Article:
Pro-coagulation state in COVID-19 generates CSVT. Hypercoagulability of SARS-CoV-2 serves as an increase in, D-dimer, LDH, fibrinogen, factor VIII (FVIII), von Willebrand factor (vWF), and decreased antithrombin [39]. Patients with severe pneumonia, especially ARDS, have low oxygen concentration that increases blood viscosity, while also inducing the hypoxia-inducible transcription factor-dependent signaling pathway [36]. After the COVID-19 swab had been negative, the second patient was observed to develop massive thrombosis. The second patient had more D-dimer levels than the first, and the length of treatment was longer. Furthermore, the thrombosis process was still ongoing even though COVID-19 was negative and the D-dimer level was decreased. It was a challenge to observe whether the second patient had the previous thrombosis or not, with a diagnostic approach taken in checking for D-dimer and heart thrombosis [40]. Therefore, it was concluded that this patient had brain, heart, and pulmonary thrombosis.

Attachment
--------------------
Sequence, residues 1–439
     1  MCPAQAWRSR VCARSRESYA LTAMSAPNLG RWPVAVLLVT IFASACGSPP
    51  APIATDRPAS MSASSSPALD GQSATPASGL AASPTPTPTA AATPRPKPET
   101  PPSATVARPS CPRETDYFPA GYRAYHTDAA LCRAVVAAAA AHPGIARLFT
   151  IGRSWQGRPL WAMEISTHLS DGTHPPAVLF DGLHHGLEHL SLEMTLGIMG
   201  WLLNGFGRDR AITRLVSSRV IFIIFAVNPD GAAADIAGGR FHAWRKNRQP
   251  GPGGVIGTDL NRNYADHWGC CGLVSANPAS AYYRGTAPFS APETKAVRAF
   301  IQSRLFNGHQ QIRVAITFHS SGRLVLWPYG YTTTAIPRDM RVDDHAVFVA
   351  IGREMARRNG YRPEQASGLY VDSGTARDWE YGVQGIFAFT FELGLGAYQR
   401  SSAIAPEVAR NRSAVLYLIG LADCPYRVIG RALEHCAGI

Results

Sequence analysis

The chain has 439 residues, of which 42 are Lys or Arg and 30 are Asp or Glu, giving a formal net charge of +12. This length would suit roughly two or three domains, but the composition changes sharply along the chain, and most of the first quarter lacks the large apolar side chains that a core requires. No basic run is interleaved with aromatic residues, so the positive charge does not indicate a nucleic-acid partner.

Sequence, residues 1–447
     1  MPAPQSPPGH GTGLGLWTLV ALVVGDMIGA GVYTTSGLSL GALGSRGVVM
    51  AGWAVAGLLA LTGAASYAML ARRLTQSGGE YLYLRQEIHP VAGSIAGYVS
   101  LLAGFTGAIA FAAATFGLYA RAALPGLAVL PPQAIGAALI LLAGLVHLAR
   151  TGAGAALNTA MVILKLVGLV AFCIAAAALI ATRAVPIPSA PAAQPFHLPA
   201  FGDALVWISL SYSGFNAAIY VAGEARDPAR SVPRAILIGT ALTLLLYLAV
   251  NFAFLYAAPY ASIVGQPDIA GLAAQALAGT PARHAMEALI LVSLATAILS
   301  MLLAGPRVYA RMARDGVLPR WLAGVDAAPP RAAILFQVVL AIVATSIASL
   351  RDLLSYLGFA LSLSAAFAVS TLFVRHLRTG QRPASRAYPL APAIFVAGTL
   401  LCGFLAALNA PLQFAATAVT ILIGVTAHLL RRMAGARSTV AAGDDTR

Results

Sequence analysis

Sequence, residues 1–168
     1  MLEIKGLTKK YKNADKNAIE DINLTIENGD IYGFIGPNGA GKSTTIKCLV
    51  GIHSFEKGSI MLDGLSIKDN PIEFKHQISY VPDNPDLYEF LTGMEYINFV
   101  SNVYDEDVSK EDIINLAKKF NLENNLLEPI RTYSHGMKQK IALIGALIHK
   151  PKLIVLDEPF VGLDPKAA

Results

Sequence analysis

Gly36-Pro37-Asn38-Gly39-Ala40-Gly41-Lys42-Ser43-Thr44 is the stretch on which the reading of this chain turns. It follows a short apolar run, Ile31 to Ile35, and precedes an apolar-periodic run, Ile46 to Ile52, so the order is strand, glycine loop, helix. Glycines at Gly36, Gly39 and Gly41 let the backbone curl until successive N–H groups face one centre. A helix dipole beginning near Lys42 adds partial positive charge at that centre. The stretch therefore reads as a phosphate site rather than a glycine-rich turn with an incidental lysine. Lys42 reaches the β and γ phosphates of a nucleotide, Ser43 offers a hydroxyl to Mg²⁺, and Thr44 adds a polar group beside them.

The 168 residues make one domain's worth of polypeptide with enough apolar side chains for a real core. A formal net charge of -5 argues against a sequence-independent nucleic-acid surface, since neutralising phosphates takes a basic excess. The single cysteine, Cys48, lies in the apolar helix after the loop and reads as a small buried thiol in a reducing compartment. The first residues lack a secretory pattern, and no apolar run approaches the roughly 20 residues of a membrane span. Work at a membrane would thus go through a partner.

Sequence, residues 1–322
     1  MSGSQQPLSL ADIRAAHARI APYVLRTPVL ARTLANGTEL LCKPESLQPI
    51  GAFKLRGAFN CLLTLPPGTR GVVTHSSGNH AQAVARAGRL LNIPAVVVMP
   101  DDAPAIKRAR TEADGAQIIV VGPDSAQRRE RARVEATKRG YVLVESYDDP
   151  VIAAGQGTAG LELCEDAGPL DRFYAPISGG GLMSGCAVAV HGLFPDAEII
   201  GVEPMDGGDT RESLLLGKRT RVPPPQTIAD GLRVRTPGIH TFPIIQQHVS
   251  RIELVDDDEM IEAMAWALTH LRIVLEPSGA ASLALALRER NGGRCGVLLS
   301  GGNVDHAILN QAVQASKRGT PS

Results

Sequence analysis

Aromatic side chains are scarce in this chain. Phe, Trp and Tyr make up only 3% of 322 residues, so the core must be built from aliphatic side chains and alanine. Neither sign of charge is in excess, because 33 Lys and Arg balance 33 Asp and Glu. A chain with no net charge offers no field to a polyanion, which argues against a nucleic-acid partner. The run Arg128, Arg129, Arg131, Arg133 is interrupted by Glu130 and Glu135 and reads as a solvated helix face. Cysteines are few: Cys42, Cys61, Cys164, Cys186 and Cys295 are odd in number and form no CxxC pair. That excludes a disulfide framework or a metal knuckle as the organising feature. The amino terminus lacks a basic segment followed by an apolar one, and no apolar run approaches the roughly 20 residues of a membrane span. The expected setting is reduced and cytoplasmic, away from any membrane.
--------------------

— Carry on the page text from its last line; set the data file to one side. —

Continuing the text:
Three important physiological anticoagulant pathways are the antithrombin, the activated protein C, and tissue factor inhibitor (TFPI) system. Those pathways are deranging in sepsis, which is precipitated by cytokines [34]. In sepsis, a high level of cytokines is found in the circulation, with hemostatic activation mediated by TNF. The expression of tissue factor in mononuclear cells and subsequent exposure to blood results in thrombin generation, accompanied by fibrinogen to fibrin conversion. The interaction and activation of platelets and their walls contribute to microvascular clot formation [34].